God is faithful to reveal that which is hidden. But oh, how difficult it is. How ugly it can be.
Brooklyn has been in a cycle Paul knew well and wrote about in Romans 7:14-20. Despite the struggle, she was going on this mission’s trip. Without us.
We’ve hardly spoken the last three weeks. The pain of this battle is excruciating to my mama heart and I quite frequently desire to uncover a secret passage of escape. Wouldn’t that be nice?!
When we took her to the church yesterday morning at 3:45 a.m. I imagined myself giving her the boot with a good-riddance disposition. [May seem harsh but this blog is about real-living, and in this case, real-challenges in parenting teens].
But that’s not what happened.
As everyone began to load-up, she hugged her Dad, and then hugged me. She began to weep. I interpreted many things from her tears. And suddenly I realized that this was why I could not go. Where she needs to be in her walk with the Lord, she has to go without us. My friend Jayne said it best when she wrote, “God does not have grandchildren. He only has children.” Our children have to choose Him, choose to walk with Him, choose to honor Him on their own, without us.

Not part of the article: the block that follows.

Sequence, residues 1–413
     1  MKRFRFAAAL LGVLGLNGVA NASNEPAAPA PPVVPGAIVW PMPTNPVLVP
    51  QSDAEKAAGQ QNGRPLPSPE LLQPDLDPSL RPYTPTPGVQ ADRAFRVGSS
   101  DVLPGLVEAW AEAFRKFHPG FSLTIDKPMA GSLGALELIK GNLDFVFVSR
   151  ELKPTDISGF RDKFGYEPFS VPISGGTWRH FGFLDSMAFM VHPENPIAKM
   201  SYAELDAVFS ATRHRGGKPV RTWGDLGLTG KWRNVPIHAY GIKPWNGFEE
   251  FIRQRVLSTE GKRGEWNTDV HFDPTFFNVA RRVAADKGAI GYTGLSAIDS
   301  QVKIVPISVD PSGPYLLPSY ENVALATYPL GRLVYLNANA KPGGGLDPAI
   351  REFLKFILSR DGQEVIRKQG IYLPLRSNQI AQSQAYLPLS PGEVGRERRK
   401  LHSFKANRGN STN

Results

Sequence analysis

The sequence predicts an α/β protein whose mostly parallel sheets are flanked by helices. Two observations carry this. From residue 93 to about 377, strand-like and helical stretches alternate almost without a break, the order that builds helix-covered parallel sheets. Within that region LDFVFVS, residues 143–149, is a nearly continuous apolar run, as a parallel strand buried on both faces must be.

Holding my daughter tight, the emotion of the moment and the realization hit me. Matthew 16:25 was rolling through my heart and in my head. It says, “If you try to hang on to your life, you will lose it. But if you give up your life for My sake, you will save it.”
What I heard was, “If you try to hang on to your daughter, you will lose her. But if you give her up for My sake, you will save her.”
I’m resting this week. Resting in letting go. Resting in my confident hope. Resting in trust. Resting in faith of what is now, is not what will be. Resting in the plans and purposes already set in motion. Resting in a testimony in the making. Resting in the beautiful life of an independent relationship with Jesus. Resting in knowing He alone is able, without us, God is able.
Will you please intercede for our daughter Brooklyn and the team she is with this week? May the Lord work in and through them as they serve the people of El Salvador. May each heart, from those serving to those being served, be transformed by the hand of God.
I pray this post spoke to you.